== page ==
Telemedicine for acute plastic surgical trauma and burns 33referrals compared to telephone only referrals.From 01 March 2003 to 23 May 2003 the receivingclinician recorded the demographic and clinicaldetails of all trauma referrals. Statistical analysiswas performed with the chi squared test andconﬁdence interval calculation.ResultsTen-week retrospective evaluation of thetelemedicine systemWe received 973 referrals over 10 weeks from 53different sites. There were 644 male and 329 Figure 2 Radiograph of a crushed ﬁnger fracture.female patients; 730 adults and 174 children. Awide variety of injuries were assessed (Figs. 1e7).Use of the system was seen to steadily increase A signiﬁcant difference was noted (P ¼ 0.004) inover the initial six-month period (Fig. 8). From the management of patients with and without thethe sites with the telemedicine installed there availability of the telemedicine system (Table 1).were 452 patients referred; telemedicine was Signiﬁcantly fewer patients needed to come forused for 42% of these patients. After initial resis- further assessment or review and more patientstance, referring clinicians were generally pleased could be directly booked for deﬁnitive care on anwith the introduction of the system, ﬁnding it operating list in our Day Surgery Unit (10.5%)easy to use and helpful in the referral process. Re- when the telemedicine system was available. Weceiving clinicians also expressed an improvement also observed a decrease in number of occasionsin the clarity of the information. when the QVH was unable to accept a referral due to a lack of capacity. There was no increaseTwelve-week prospective cohort study or decrease in patients being managed with only telephone advice, nor for patients admitted toOver 12 weeks 996 referrals were received from their local hospital to await transfer to the QVHover 60 different sites. There were 607 male and (outlier).389 female referrals; 725 were adults and 271were children. The telemedicine system was avail-able for 389 referrals, and used for 243 referrals Discussion(63%). Analysis was undertaken of telemedicinesystem availability, not only when used, to mini- Telemedicine is a rapidly growing tool in modernmise bias from the referring clinician’s choice. medicine, giving the promise of efﬁciency and 250 With Telemedicine 200 Without TelemedicineNumber of referrals 150 100 50 0 ry ury s ip rn n tur e n nju inj los ert Bu ec tio tio ni d kin ing Inf Fr ac lanta lea n ate e/s d/F ep C mi su ilb e R nta Tis Na Co Injury TypeFigure 1 The distribution of injuries and the use oftelemedicine during the 10-week evaluation study. Figure 3 Clinical image of ﬁnger in Fig. 2.
34 D.L. Wallace et al. Figure 4 Flame burn to ﬁngers.better communication between clinicians.8 Tele-medicine systems have proved useful in reducingunnecessary transfers in Neurosurgical emergen-cies,9 and in reducing mortality, complicationsand costs in Intensive Care.10 In the UK the na-tional telemedicine database has 260 projects cur-rently listed,11 though only a minority have beenreported moving into routine or mainstream use,even with successful pilots. There are numerous Figure 6 Paediatric mixed depth burn.barriers to the implementation of telemedicineincluding limited ﬁnancial support or reimburse-ment,12,13 legal uncertainties14 and an inadequate adequate, technical difﬁculties in the viewing ofevidence base.15 images led us to commission specialist software. Image resolution in telemedicine is crucial. On This facilitated the ease of loading, sending, re-viewing a series of images of different resolutions viewing, record keeping and security of images.clinicians can lose conﬁdence in their diagnosis There have been feasibility studies assessing thebefore they realise that the image resolution has role of telemedicine for wound assessment,19 burnchanged.16 Our initial assessment demonstrated injuries,18,20 fractures21 and replantations.22that 800 Â 600 pixels provided good enough resolu- There are no previous studies demonstrating supe-tion for diagnosis,1 conﬁrming a resolution level riority to the traditional telephone referral forshown to be effective for dermatology17 and burn acute plastic surgery, nor reporting the routineinjuries.18 Although this image resolution wasFigure 5 Flank and buttock post-debridement ofnecrotising fascitis. Figure 7 Pre-tibial laceration.
Telemedicine for acute plastic surgical trauma and burns 35 180 160 140 120 100 80 60 40 20 0 Jan Feb Mar Apr May Jun Jul Aug Sep Oct Nov Dec Jan Feb Mar Apr May Jun Jul January 2002 to July 2003Figure 8 The use of telemedicine at the Queen Victoria Hospital since the introduction of the specialist software TMClientª in January 2002.use of telemedicine in the usual referral process. the receiving clinician with greater conﬁdence inOur initial results conﬁrmed the feasibility of the planning the delivery of the surgical service, e.g.telemedicine system for assessing all types of to book directly to an urgent day case appoint-acute plastic surgical referrals, with both referring ment, a next day clinic review or organise anand receiving clinicians reporting beneﬁts.1 immediate transfer. Our results demonstrated signiﬁcant differences In addition to the improved clarity of commu-in the management of referrals when the tele- nication we also observed improved access, earliermedicine system was used (Table 1). Triage of and more frequent senior clinician involvement.referrals was improved with greater use of day sur- We believe this is because the telemedicinegery and a decreased need for face-to-face system images provide enough information toassessment. An audit of London region Hand sur- make some clinical decisions immediately andgery units (including the QVH) showed that nine involve senior clinicians prior to the face-to-facedepartments are working so near to maximum consultation.capacity that on 17% of occasions they are unable The evidence for direct cost savings to theto accept referrals.6 We observed a decrease in providers of telemedicine is poor.23 Only in a fewthe frequency with which patients were not prison and military populations where the patientaccepted at the QVH with the use of telemedicine. transportation costs are high is there evidence of The changes observed could be because the cost savings.24 We found no evidence of cost sav-telemedicine image provided more objective in- ings for the QVH trust, and only anecdotal patientformation to the receiving clinician compared to cost savings. The capital outlay was signiﬁcanttelephone referrals alone. This may have allowed (£70K) for the installation of the computer Table 1 Difference in the management of referrals with and without telemedicine availability Telemedicine assisted referral Telephone only referral % (n ¼ 389) Conﬁdence intervals % (n ¼ 607) Conﬁdence intervals Admit 29.6 (25.2e34.3) 28.3 (24.9e32.0) Review 15.4 (12.2e19.3) 22.1 (19.0e25.5) Dressing clinic 0.5 (0.1e1.9) 1.2 (0.6e2.4) Day surgery 27.5 (23.3e32.1) 17 (14.2e20.2) Full e unable 8.7 (6.3e12.0) 12.5 (10.1e15.4) to accept Outpatients 7.7 (5.5e10.8) 8.1 (6.2e10.5) Outlier 4.6 (2.9e7.2) 4.4 (3.1e6.4) Telephone advice 5.7 (3.8e8.4) 5.9 (4.3e8.1) Inappropriate referral 0.3 (0.0e1.4) 0.5 (0.2e1.4) Total 100 100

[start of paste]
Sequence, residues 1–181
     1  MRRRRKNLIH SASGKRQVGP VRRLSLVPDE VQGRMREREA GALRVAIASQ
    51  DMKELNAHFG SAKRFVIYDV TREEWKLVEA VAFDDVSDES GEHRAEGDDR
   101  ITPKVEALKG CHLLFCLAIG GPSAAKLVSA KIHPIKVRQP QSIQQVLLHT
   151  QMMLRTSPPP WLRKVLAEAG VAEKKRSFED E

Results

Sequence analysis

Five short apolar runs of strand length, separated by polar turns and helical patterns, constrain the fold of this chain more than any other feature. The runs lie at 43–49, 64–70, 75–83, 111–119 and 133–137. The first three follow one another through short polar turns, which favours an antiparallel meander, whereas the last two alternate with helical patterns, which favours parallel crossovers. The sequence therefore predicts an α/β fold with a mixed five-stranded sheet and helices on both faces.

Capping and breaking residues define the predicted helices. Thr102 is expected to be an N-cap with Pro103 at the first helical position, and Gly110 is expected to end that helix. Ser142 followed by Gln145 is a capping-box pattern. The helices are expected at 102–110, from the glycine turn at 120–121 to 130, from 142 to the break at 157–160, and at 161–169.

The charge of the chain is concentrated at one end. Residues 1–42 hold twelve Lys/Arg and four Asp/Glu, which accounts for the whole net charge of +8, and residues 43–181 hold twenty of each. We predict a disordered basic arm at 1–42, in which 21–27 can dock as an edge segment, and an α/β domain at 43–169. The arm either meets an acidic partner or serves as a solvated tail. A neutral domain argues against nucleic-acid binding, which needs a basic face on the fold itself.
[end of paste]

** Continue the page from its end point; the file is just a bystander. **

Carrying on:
36 D.L. Wallace et al.network lines, equipment and software. Since in- 3. Mair F, Whitten P. Systematic review of studies of patientception we have had a single plastic surgery satisfaction with telemedicine. BMJ 2000;320:1517e20. 4. Benger J. A review of minor injuries telemedicine. J Tel-trainee responsible for the project, which has fa- emed Telecare 1999;5(Suppl. 3):S5e13.cilitated the coordination of the many clinicians 5. Whitten P. Teledermatology delivery modalities: real time ver-and IT personnel using the system at numerous sus store and forward. Curr Probl Dermatol 2003;32:24e31.sites.7 This telemedicine clinician also ensures sys- 6. Skillman JM, et al. Audit of pattern of closures to acutetem availability, guides maintenance and up- hand services in Pan Thames area. J Hand Surg [Br] 2003; 28:381e3.grades, and continues the training of staff. 7. Yellowlees P. Successful development of telemedicine sys- The QVH trust developed a ‘Patient Photo- tems e seven core principles. J Telemed Telecare 1997;3:graphic and Video Recording Policy’; to ensure 215e22.images recorded complied with the Data Protec- 8. Wyatt JC, Keen J. The new NHS information technologytion Acts (1984 and 1998) and the Computer Misuse strategy. Technology will change practice. BMJ 2001;322: 1378e9.Act 1990. This ensured clinicians had clear and 9. Goh KY, Lam CK, Poon WS. The impact of teleradiology onlegally robust guidelines on digital imaging.25 The the inter-hospital transfer of neurosurgical patients. Br Jtelemedicine system was designed with a simple Neurosurg 1997;11:52e6.tick box page to conﬁrm consent from the patient 10. Rosenfeld BA, et al. Intensive care unit telemedicine: alter-without the need for extra paperwork. There is an nate paradigm for providing continuous intensivist care. Crit Care Med 2000;28:3925e31.audit trail for each image. Conﬁdential Patient In- 11. Telemedicine Information Service <http://www.tis.port.ac.formation can be protected by either using anony- uk/tm/owa/projects.allUK>. Internet [28.11.2004, 1.12.2004].mous data, an approach adopted by the British 12. Cabana MD, et al. Why don’t physicians follow clinical prac-army,26 or by the use of encryption techniques. tice guidelines? A framework for improvement. JAMA 1999;We use publiceprivate key encryption to allow se- 282:1458e65. 13. Finch TL, May CR, Mair FS, et al. Integrating service devel-cure information transfer. Anonymous data are opment with evaluation in telehealthcare: an ethnographicinappropriate for a network with high volumes of study. BMJ 2003;327:1205e8.similar referrals, as the risk of confusion is likely 14. Brahams D. The medicolegal implications of teleconsultingto be unacceptably high. in the UK. J Telemed Telecare 1995;1:196e201. The introduction of telemedicine has led to 15. Hailey D, Roine R, Ohinmaa A. Systematic review of evi- dence for the beneﬁts of telemedicine. J Telemed Telecareproven beneﬁts in the management of acute plastic 2002;8(Suppl. 1):1e30.surgery referrals at the QVH. This was achieved by 16. Briggs R, Bailey JE, Eddy C, et al. A methodologic issue forusing specially designed software, with integral IT ophthalmic telemedicine: image quality and its effect onsupport. Telemedicine may be an important com- diagnostic accuracy and conﬁdence. J Am Optom Assocponent of the Electronic Patient Record, which is 1998;69:601e5. 17. Bittorf A, Fartasch M, Schuler G, et al. Resolution require-due for implementation within the next few years. ments for digital images in dermatology. J Am Acad Derma- tol 1997;37:195e8. 18. Jones OC, Wilson DI, Andrews S. The reliability of digital im-Acknowledgements ages when used to assess burn wounds. J Telemed Telecare 2003;9:22e4. 19. Houghton PE, Kincaid CB, Campbell KE, et al. PhotographicWe would like to thank S. Reynolds of Godalming assessment of the appearance of chronic pressure and legComputer Products for the development of the ulcers. Ostomy Wound Manage 2000;46:20e30.telemedicine software and the Information Tech- 20. Roa L, Gomez-Cia T, Acha B, et al. Digital imaging in remotenology Department at the QVH for their knowledge diagnosis of burns. Burns 1999;25:617e23.and ongoing support. We also thank M. Hankins at 21. Ricci WM, Borrelli J. Teleradiology in orthopaedic surgery: impact on clinical decision making for acute fracture man-the Centre for Healthcare Research at Brighton agement. J Orthop Trauma 2002;16:1e6.University for his assistance with the statistics. 22. Buntic RF, et al. Using the Internet for rapid exchange of The authors declare that they have no ﬁnancial photographs and X-ray images to evaluate potential ex-interest in the telemedicine software or any of tremity replantation candidates. J Trauma 1997;43:342e4.hardware used in this study. 23. Whitten PS, et al. Systematic review of cost effectiveness studies of telemedicine interventions. BMJ 2002;324: 1434e7. 24. Hammack GG. Telemedicine in corrections. Curr Probl Der-References matol 2003;32:148e52. 25. Stanberry B. The legal and ethical aspects of telemedicine. 1. Jones SM, Milroy C, Pickford MA. Telemedicine in acute 1: conﬁdentiality and the patient’s rights of access. J Tel- plastic surgical trauma and burns. Ann R Coll Surg Engl emed Telecare 1997;3:179e87. 2004;86:239e42. 26. Scerri GV, Vassallo DJ. Initial plastic surgery experience 2. Wootton R. Recent advances: telemedicine. BMJ 2001;323: with the ﬁrst telemedicine links for the British Forces. Br 557e60. J Plast Surg 1999;52:294e8.